Each day will start at 10AM with a gathering of participants and facilitators where we will review and discuss the work for the day. On Wednesday, artists will meet at the historic Milton H. Latter Memorial Library for a public presentation of City as Archive that will be followed with a journey on the St. Charles Streetcar to the French Quarter. On Wednesday afternoon, artists will explore the Quarter and The Historic New Orleans Collection. Thursday through Saturday, artists will meet at Cafe Istanbul in the morning for presentations and then collage making in the afternoon. Each day’s programs will end at 4PM. On Sunday, artists will meet at Cafe Du Monde in City Park and make their way to the New Orleans Art Museum for a brief tour. 


Artists will leave the Lab with a network of peer support and a new perspective on their art practice. The large-scale three-dimensional collage sculpture will debut at Kolaj Fest New Orleans, June 7-11, 2023. Artists will be invited to submit 3-5 collages and a statement for inclusion in a book of collage about New Orleans that will be published by Kolaj Institute in 2023.


Artists are responsible for their own travel, accommodations, and meals. The cost of Collage Artist Lab is $750, however no artist will be turned away for lack of funds and the organizers will work with artists to build a financial aid package.


Submit your application HERE.


The submission process will ask you for: Contact information; Artist Bio (50-250 words); Artist Statement (50-300 words); 5-7 images of artwork; a statement of expectations; and ask you some questions about your work and needs.


If you have questions, send an email HERE.

Deadline: Rolling with no applications accepted after 30 September 2022

Notification: Final notifications no later than 3 October 2022.


Winona Day Nursery “Two Degrees East, Three Degrees West” by Jeanna Penn
24″x48″; watercolor, acrylic, marker, oil paint marker, inkjet prints on mounted watercolor paper; 2022. Courtesy of the artist.

Jeanna Penn

Jeanna Penn will speak about her experience using archives in New Mexico and Vermont to make collage work that brings into view untold stories, lesser appreciated histories, and absences in the archive.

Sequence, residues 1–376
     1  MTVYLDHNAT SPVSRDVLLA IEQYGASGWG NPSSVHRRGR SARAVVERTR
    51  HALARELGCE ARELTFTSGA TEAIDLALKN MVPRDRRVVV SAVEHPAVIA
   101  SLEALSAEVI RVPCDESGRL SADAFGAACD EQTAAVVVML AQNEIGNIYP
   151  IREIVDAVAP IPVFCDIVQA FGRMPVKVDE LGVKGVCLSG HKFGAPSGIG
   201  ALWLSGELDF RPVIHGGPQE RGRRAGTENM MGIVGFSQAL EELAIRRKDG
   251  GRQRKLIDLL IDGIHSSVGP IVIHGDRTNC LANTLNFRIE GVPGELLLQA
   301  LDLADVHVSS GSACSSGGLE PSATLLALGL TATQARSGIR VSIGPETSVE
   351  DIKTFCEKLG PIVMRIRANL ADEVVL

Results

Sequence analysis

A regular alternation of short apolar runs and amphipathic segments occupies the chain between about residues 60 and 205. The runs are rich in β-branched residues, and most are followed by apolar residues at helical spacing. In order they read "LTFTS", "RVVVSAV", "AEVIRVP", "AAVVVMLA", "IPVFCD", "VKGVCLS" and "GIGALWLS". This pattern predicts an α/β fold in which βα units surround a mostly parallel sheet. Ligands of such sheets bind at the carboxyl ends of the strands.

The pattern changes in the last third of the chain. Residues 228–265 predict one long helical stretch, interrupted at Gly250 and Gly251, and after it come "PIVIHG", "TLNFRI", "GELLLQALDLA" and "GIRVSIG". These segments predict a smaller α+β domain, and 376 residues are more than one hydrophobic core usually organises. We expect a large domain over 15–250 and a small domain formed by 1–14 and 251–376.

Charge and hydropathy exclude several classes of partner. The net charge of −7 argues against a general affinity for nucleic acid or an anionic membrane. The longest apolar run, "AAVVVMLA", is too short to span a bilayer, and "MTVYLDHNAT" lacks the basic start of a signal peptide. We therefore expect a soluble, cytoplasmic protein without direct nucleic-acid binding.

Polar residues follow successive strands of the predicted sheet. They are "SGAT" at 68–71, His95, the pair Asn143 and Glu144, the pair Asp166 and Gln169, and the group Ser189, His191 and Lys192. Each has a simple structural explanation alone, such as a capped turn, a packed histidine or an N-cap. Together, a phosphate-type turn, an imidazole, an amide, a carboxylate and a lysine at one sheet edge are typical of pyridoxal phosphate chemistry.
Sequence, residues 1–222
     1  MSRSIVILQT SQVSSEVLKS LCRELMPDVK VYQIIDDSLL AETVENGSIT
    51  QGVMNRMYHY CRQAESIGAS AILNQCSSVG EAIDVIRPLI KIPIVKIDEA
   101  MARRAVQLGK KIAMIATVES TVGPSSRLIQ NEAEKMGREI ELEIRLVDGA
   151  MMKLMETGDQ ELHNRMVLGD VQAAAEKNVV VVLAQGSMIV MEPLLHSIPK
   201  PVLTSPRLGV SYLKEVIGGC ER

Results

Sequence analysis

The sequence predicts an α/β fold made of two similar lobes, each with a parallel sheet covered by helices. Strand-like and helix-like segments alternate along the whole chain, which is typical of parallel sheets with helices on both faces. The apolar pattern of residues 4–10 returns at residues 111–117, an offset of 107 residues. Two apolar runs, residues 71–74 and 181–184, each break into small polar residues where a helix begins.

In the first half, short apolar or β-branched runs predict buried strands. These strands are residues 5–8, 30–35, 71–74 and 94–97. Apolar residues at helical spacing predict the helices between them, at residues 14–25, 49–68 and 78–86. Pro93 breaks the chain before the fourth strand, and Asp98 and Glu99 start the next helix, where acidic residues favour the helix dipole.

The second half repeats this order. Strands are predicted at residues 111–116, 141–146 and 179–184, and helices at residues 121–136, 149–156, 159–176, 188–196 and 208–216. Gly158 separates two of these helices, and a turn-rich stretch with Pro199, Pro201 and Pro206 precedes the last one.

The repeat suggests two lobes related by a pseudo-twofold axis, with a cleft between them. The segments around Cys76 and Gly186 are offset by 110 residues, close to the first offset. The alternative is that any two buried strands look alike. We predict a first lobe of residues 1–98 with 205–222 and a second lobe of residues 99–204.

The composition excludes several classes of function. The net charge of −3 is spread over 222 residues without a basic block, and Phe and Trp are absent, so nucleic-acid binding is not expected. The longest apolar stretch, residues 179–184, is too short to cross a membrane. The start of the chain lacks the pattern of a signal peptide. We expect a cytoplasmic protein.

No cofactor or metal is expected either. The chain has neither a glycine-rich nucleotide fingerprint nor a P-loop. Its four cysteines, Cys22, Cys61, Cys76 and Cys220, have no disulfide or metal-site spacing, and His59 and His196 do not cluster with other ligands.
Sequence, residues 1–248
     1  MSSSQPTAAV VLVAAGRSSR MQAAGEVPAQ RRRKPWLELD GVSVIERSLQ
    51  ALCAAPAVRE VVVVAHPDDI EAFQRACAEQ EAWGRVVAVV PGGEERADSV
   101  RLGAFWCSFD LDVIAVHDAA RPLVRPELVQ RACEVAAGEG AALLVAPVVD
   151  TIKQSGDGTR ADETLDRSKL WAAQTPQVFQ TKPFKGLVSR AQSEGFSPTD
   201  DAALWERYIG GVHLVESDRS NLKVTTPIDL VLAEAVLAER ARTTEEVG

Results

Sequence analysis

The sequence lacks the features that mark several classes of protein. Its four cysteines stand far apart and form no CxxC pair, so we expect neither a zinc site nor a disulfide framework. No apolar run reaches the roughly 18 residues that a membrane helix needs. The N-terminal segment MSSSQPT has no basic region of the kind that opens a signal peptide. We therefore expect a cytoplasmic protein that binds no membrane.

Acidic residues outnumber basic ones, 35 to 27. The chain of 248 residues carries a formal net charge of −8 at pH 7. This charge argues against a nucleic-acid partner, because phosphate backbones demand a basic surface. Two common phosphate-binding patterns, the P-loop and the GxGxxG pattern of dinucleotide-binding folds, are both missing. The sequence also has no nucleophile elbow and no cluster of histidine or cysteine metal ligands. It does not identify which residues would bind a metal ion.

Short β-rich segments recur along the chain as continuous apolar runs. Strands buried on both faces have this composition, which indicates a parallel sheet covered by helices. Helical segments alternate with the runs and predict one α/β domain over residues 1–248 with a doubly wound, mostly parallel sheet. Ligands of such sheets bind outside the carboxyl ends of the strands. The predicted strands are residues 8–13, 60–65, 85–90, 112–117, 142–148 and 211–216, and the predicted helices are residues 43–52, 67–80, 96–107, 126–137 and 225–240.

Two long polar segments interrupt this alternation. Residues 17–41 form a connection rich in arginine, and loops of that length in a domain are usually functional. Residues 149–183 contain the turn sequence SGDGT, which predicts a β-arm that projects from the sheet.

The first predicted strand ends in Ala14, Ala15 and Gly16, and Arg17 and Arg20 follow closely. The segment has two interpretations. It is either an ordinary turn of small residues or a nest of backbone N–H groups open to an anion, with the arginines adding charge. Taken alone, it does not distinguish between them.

Jeanna Penn is a contemporary artist who lives and works between Oakland and Los Angeles, California. She has been creating art for over twenty-five years in various forms including mixed media collage, soft sculpture, photography, zines and documentary film. Much of Jeanna’s work is centered around recontextualizing found imagery and documenting material histories. She received her BA in African American Studies from Morgan State University and continued graduate work in African History at Howard University and Historical Documentary Filmmaking at George Washington University. Jeanna’s work has been shown at the Arts Guild of Sonoma; The Art Cave in Santa Cruz; The Barrett Art Center; Eyelevel Centre; Jennifer Perlmutter Gallery; Delaplaine Arts Center; Smith Gallery of Yale Divinity School; 516 Arts & the Henry Sheldon Museum. Her work has been featured in Create Magazine, Albuquerque Journal, Kolaj Magazine & Hyperallergic. In addition to several private collections, Jeanna’s work is also a part of the San Francisco Museum of Modern Art’s permanent collection. INSTAGRAM

Woman Standing Alone with Silver Lining by Jill Stoll (23.5″x18″; found photograph, paint chips, paper; 2021) and process images of the work. Courtesy of the artist.

Jill Stoll

Jill Stoll will speak about how she built an archive of “lost women” that she used to make the collage series, “Women Standing Alone”. Stoll will also speak about how she uses mapping and collage with her students to develop a sense of place.